Journal of Western Travel
by John McTurk Gibson
edited by Weldon Hoppe
July 4th, 1859 -- We ushered in the morning of the glorious 4th with a few vollies of small arms,
and then commenced an arduous drive of 15 miles over a dry, barren and alkali region destitute
of both grass and water. Shortly after starting one of our wagon-tires came off, and delayed us
considerably, fixing leathers on the ends of the spokes, and between the felloes, then cutting
sagebrush, heating and setting the tire. We finished the job however, and reached Little Sandy
about 2 o'clock P.M. nearly exhausted for want of water, what we did use being so brackish that
it only aggravated instead of allaying thirst.
We expect to lay over here tomorrow and rest our cattle. This is the dryest 4th I have ever passed since I came to the country and what made it
tenfold worse to bear was the consciousness that so many thousands over the length and breadth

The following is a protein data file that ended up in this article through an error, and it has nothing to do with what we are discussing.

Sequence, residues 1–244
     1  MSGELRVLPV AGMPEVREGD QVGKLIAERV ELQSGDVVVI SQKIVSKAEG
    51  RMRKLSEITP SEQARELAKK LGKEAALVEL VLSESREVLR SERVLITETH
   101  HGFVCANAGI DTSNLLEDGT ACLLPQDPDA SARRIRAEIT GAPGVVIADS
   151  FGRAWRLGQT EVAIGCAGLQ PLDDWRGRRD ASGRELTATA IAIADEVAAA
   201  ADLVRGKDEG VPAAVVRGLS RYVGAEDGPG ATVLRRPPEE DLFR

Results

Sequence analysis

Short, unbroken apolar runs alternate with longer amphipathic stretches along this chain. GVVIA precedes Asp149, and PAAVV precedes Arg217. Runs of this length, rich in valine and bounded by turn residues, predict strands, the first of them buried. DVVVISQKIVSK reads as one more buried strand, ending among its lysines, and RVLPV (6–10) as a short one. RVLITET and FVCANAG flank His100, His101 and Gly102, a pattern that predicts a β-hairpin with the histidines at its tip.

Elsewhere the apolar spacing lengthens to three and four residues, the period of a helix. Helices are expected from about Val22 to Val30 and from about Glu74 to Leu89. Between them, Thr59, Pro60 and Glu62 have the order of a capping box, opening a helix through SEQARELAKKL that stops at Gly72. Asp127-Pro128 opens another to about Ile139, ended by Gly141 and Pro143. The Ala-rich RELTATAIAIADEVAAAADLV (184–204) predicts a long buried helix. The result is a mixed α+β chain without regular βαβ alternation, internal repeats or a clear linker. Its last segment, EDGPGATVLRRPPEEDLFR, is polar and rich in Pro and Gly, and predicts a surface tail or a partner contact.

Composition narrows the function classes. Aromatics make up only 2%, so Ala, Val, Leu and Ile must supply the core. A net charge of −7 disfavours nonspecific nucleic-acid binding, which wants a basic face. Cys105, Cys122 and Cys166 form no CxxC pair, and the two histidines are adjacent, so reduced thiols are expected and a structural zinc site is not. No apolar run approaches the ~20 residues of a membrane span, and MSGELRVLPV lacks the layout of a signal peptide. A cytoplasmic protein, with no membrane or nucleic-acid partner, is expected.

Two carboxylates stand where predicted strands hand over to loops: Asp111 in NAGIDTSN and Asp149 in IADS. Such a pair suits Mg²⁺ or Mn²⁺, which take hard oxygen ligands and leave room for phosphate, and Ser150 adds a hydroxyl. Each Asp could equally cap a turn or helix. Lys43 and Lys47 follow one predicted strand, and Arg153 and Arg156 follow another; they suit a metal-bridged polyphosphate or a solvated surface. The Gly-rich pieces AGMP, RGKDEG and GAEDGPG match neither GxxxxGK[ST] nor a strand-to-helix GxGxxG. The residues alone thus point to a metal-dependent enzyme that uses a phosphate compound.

of the land were sipping the sweets of enjoyment while we were toiling, sweating and
floundering on glad to stretch our wearied limbs under the shade of some friendly bush and catch
a refreshing nap, instead of the fuss, the preparation, the excitement and the pleasure of facing
our partners in the lively dance, then footing it gaily on the light fantastic toe. So wags the world.
What is pleasure wanting pain?
Travelled 16 miles without water to the Little Sandy, a stream one rod wide and two feet deep. We had intended laying over to day but had no feed. We reached here at 2 o'clock. We set tire and done some other choirs. We had a wild goose, but lo and behold when the cook got it to cook it had turned green and our stomachs not craving greens, Mr. Goose was thrown in the creeks. We had a few tunes on the violin and stag dances and a few discharges from our fire arms this evening. We have good feed here, it being the first since leaving Sweet Water. We intend staying here a day or two. It has been quite warm today. This creek is quite rily, it favours the Platt water.
Copyright © 1997 Weldon Hoppe